This is really very concerning given the likelihood that Sinn Fein might be in a position to enforce such an anti-rights agenda in years to come.  Liberal democracy is not to be equated with dictatorship of the majority, whatever the size of the majority. The separation of powers in our democratic system, between legislature and judiciary, is intended to guarantee fundamental rights for minorities.

Both powers are underpinned and limited by our Constitution. The referendum questions put to the people in 2015 and 2018 were very specific and did not set aside the constitutional provisions that uphold ‘the rights and duties of parents to provide for the religious and moral, intellectual, physical and social education of their children’. This is before we get to constitutionally backed rights of conscience and religious expression.

There has to be space for parents to provide the sort of RSE that accords with their values. Catholic schools, and no one disputes there should be far fewer of them in our rapidly secularising country, must have the freedom to teach an ethically appropriate as well as factually sound programme on sexuality and relationships to Catholic children. This does not mean that issues around LGBT+ won’t  be raised in a respectful and sympathetic way. In fact the Catechism of the Catholic Church explicitly demands as much in stating that  ‘people do not choose their homosexual condition and they must be accepted with respect, compassion and sensitivity’. Catholic parents should be able to demand as much respect and sensitivity from their government.

It is, in the final analysis, not so much about the content of programmes as about the way they are orientated.  A Catholic programme will lead with an emphasis on the value of the foundational social unit, the biological family comprising parents, children and extended family,  an organic rather than an artificial ‘pack’ as American writer and social researcher, Mary Eberstadt, puts it. It is the bedrock of both society, culture and civilizations across millennia. A secular RSE will lead with an alphabet of sexual identities without reference to wider societal values and impact. Instead we get to learn that Leo Varadkar is gay, Katherine Zappone lesbian, Angelina Jolie bi-sexual, Elliot Page transexual,  Miley Cyrus pansexual and so on. This is not just about normalizing what is decidedly non-normative, it is about making the normative shrink to become just one other point on a very wide spectrum.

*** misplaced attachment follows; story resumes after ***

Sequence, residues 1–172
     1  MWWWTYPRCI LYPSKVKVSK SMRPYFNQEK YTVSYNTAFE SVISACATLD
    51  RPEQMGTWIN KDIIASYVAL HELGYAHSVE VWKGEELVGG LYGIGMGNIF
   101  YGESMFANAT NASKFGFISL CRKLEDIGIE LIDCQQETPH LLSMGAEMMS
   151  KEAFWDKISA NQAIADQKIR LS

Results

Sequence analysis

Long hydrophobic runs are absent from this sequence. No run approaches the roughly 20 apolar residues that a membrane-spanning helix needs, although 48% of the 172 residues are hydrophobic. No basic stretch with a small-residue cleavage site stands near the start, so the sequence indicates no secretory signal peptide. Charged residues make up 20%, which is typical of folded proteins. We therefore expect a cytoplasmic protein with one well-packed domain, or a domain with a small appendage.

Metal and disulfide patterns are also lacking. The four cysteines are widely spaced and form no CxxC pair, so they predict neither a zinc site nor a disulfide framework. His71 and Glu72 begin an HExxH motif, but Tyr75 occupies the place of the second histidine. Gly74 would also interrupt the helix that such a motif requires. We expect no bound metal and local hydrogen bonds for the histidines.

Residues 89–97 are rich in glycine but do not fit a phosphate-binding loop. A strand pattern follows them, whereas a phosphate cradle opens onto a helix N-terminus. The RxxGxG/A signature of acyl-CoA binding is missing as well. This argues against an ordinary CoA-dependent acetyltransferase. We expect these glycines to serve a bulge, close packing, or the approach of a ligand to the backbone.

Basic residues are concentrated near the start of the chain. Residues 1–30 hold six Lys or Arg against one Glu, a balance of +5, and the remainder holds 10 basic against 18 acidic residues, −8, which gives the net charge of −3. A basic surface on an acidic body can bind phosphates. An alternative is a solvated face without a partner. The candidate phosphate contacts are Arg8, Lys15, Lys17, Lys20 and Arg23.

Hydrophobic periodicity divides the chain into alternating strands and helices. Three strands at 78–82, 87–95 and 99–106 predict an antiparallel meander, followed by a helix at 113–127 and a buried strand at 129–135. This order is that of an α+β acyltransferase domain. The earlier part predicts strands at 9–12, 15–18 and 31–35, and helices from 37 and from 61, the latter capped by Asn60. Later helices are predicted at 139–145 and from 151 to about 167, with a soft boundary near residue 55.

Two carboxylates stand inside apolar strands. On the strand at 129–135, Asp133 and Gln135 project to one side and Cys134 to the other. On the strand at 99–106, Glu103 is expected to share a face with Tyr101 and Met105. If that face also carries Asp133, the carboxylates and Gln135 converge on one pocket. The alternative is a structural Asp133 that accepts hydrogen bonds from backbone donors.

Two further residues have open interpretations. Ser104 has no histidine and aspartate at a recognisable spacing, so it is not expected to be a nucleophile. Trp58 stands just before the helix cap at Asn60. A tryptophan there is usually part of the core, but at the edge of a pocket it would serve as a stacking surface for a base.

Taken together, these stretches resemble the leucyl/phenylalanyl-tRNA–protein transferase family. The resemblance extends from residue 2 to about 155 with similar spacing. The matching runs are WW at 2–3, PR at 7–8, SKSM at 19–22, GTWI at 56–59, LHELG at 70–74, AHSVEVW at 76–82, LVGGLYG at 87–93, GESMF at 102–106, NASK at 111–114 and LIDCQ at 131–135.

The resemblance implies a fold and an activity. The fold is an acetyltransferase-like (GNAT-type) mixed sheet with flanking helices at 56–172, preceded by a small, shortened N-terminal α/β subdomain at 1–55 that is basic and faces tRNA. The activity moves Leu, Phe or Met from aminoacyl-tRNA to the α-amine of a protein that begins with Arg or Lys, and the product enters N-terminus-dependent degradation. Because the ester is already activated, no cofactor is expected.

One of the more disturbing things about the proposed RSE programme is that lobby groups like ShoutOut, Spun Out, BeLonG To and TENI frequently crop up as references and sources. It is disturbing that their representatives have had such an influence in the shaping of the proposed curriculum. It is even more disturbing that schools, including schools under Catholic patronage, consider it appropriate to invite such groups to give inputs in RSE classes. Such lobby groups are about promoting an ideology of gender that has nothing to do with imparting an informed, ethically nuanced programme in a faith school.  A Catholic school should understand that even if the government doesn’t.

Failed by many school trustees, parents with concerns and objections need to mobilise into an effective counter lobby. September is not a long way off and disconnected voices are rarely heard. One thing that groups like ShoutOut have demonstrated is the power of a focussed, well articulated campaign.